Thirty years ago, the old deal that held US society together started to unwind, with social cohesion sacrificed to greed. Was it an inevitable process – or was it engineered by self-interested elites?
In or around 1978, America’s character changed. For almost half a century, the United States had been a relatively egalitarian, secure, middle-class democracy, with structures in place that supported the aspirations of ordinary people. You might call it the period of the Roosevelt Republic. Wars, strikes, racial tensions and youth rebellion all roiled national life, but a basic deal among Americans still held, in belief if not always in fact: work hard, follow the rules, educate your children, and you will be rewarded, not just with a decent life and the prospect of a better one for your kids, but with recognition from society, a place at the table.
This unwritten contract came with a series of riders and clauses that left large numbers of Americans – black people and other minorities, women, gay people – out, or only halfway in. But the country had the tools to correct its own flaws, and it used them: healthy democratic institutions such as Congress, courts, churches, schools, news organisations, business-labour partnerships. The civil rights movement of the 1960s was a nonviolent mass uprising led by black southerners, but it drew essential support from all of these institutions, which recognised the moral and legal justice of its claims, or, at the very least, the need for social peace. The Roosevelt Republic had plenty of injustice, but it also had the power of self-correction.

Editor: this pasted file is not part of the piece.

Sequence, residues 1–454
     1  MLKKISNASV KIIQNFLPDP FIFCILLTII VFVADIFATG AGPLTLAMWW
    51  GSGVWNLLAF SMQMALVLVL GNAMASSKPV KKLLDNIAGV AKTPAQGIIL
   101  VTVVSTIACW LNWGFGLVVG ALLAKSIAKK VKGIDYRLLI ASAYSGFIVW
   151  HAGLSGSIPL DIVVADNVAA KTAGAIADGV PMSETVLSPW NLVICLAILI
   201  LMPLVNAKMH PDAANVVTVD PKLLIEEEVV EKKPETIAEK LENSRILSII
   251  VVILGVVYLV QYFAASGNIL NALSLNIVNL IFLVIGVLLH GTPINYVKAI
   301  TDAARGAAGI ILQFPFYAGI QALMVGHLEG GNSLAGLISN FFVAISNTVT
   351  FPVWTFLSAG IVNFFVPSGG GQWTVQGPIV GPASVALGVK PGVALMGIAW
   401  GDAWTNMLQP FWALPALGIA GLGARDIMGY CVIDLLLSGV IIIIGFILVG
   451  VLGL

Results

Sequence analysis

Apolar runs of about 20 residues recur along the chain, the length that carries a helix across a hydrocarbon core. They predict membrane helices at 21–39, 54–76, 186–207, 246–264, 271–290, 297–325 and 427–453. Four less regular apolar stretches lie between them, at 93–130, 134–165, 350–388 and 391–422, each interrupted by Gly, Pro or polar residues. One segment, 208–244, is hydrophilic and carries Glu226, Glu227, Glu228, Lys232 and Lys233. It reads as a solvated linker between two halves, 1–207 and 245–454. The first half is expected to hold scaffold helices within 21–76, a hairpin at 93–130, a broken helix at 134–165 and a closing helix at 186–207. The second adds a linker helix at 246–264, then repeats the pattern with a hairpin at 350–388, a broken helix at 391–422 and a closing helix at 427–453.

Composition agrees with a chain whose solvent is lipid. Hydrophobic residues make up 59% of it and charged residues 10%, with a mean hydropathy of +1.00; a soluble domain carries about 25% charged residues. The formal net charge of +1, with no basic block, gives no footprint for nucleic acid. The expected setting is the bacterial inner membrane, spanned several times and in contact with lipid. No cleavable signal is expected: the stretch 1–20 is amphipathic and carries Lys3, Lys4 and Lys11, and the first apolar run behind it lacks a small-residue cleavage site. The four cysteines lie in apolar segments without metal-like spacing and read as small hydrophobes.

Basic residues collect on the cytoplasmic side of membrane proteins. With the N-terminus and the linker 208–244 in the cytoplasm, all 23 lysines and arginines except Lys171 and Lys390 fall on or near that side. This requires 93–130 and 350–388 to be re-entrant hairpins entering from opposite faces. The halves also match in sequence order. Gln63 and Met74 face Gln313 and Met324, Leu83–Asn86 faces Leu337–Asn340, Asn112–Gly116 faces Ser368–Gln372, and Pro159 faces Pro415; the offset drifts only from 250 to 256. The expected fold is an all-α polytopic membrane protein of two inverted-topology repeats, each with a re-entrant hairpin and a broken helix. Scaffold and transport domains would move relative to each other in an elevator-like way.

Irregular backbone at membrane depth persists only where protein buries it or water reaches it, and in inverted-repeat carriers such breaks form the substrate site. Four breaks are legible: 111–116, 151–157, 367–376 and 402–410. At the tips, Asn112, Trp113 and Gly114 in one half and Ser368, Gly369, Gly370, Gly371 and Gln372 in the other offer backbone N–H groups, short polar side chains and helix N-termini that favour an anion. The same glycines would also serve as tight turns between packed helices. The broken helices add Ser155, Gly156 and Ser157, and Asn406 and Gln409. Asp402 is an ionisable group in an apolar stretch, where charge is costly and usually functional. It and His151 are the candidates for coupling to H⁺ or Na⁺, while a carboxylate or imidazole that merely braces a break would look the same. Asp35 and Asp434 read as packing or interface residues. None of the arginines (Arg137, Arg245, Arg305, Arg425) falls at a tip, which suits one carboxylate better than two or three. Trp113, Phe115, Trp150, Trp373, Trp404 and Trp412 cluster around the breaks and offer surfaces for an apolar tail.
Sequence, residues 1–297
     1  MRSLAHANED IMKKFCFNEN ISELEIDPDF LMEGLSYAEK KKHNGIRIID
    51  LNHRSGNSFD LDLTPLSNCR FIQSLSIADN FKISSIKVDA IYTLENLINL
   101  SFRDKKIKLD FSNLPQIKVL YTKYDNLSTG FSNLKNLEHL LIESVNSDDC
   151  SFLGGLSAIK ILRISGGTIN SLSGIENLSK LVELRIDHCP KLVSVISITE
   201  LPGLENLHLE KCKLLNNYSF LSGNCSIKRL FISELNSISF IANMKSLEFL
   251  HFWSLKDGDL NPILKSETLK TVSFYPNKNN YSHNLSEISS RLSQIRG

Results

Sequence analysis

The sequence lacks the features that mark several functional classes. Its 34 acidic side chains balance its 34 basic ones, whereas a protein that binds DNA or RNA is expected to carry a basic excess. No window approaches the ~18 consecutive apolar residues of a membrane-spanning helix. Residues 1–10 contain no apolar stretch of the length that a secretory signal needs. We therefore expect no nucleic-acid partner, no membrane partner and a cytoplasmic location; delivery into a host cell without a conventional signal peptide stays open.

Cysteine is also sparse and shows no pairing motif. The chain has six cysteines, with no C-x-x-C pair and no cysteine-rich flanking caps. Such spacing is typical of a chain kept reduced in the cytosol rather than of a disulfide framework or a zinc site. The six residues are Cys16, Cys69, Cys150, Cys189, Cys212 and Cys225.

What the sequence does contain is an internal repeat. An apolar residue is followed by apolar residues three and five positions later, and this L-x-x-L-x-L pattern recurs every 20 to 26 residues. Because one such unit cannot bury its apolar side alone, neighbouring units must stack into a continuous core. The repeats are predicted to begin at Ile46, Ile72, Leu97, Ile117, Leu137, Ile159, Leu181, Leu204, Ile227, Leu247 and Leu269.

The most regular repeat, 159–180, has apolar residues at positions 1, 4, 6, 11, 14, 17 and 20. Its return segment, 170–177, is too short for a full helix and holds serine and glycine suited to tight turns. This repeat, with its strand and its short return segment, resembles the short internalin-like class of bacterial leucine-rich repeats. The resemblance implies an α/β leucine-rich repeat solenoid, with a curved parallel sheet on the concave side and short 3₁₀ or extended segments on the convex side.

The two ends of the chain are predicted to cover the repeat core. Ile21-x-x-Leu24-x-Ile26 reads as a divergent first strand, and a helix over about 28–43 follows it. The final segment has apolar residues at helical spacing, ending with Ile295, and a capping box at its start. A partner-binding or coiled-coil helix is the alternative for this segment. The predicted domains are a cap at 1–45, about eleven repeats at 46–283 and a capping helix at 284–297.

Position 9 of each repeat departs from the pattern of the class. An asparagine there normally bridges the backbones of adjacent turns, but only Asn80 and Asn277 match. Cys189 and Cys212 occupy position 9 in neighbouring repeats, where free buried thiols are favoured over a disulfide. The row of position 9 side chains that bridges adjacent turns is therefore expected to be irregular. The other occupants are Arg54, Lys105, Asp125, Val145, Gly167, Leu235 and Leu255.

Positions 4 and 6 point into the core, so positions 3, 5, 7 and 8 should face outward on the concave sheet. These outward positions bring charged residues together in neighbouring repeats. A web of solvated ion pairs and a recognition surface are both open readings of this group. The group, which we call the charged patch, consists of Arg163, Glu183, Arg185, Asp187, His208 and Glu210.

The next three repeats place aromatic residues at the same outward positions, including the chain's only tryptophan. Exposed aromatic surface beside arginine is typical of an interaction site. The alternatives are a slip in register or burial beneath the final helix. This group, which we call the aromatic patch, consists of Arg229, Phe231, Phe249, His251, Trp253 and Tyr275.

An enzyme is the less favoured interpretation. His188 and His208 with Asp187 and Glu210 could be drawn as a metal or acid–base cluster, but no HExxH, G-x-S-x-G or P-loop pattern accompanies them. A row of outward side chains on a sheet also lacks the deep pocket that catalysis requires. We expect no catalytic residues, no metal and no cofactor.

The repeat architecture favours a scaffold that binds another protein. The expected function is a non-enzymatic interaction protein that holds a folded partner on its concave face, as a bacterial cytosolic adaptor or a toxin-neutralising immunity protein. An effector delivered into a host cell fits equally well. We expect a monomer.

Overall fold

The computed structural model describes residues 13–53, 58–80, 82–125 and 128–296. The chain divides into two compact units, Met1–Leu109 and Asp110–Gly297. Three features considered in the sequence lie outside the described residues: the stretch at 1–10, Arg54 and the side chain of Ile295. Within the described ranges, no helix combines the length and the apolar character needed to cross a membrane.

Averages can be misleading. The familiar, one-dimensional story told about American education is that it was once the best system in the world but that now it’s headed down the drain, with piles of money thrown down after it.
The truth is that there are two very different education stories in America. The children of the wealthiest 10 percent or so do receive some of the best education in the world, and the quality keeps getting better. For most everyone else, this is not the case. America’s average standing in global education rankings has tumbled not because everyone is falling, but because of the country’s deep, still-widening achievement gap between socioeconomic groups.
Most recent discussion about economic inequality in the United States has focused on the top 1 percent of the nation’s income distribution, a group whose incomes average $1 million (with a bottom threshold of about $367,000). “We are the 99 percent,” declared the Occupy protesters, unexpectedly popularizing research findings by two economists, Thomas Piketty and Emmanuel Saez, that had previously drawn attention mainly from academics. But the gap between the 1 percent and the 99 percent is only half the story.
Mette Hoffman Meyer is documentary executive at the Danish Broadcasting Corporation and executive producer of Why Poverty? Why Poverty? consists of eight documentaries dealing with aspects of poverty. The films were shown around the world in November 2012 on more than 70 national broadcasters. In her talk Mette will focus on the value of asking why.